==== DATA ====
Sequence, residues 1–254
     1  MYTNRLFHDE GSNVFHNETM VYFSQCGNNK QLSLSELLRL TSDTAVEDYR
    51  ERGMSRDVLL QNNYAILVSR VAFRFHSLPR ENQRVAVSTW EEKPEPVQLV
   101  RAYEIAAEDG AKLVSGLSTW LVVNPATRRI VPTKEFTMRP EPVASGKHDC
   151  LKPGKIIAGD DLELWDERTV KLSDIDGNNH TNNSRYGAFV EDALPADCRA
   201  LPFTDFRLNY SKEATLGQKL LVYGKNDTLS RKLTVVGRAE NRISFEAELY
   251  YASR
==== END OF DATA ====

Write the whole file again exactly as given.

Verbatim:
Sequence, residues 1–254
     1  MYTNRLFHDE GSNVFHNETM VYFSQCGNNK QLSLSELLRL TSDTAVEDYR
    51  ERGMSRDVLL QNNYAILVSR VAFRFHSLPR ENQRVAVSTW EEKPEPVQLV
   101  RAYEIAAEDG AKLVSGLSTW LVVNPATRRI VPTKEFTMRP EPVASGKHDC
   151  LKPGKIIAGD DLELWDERTV KLSDIDGNNH TNNSRYGAFV EDALPADCRA
   201  LPFTDFRLNY SKEATLGQKL LVYGKNDTLS RKLTVVGRAE NRISFEAELY
   251  YASR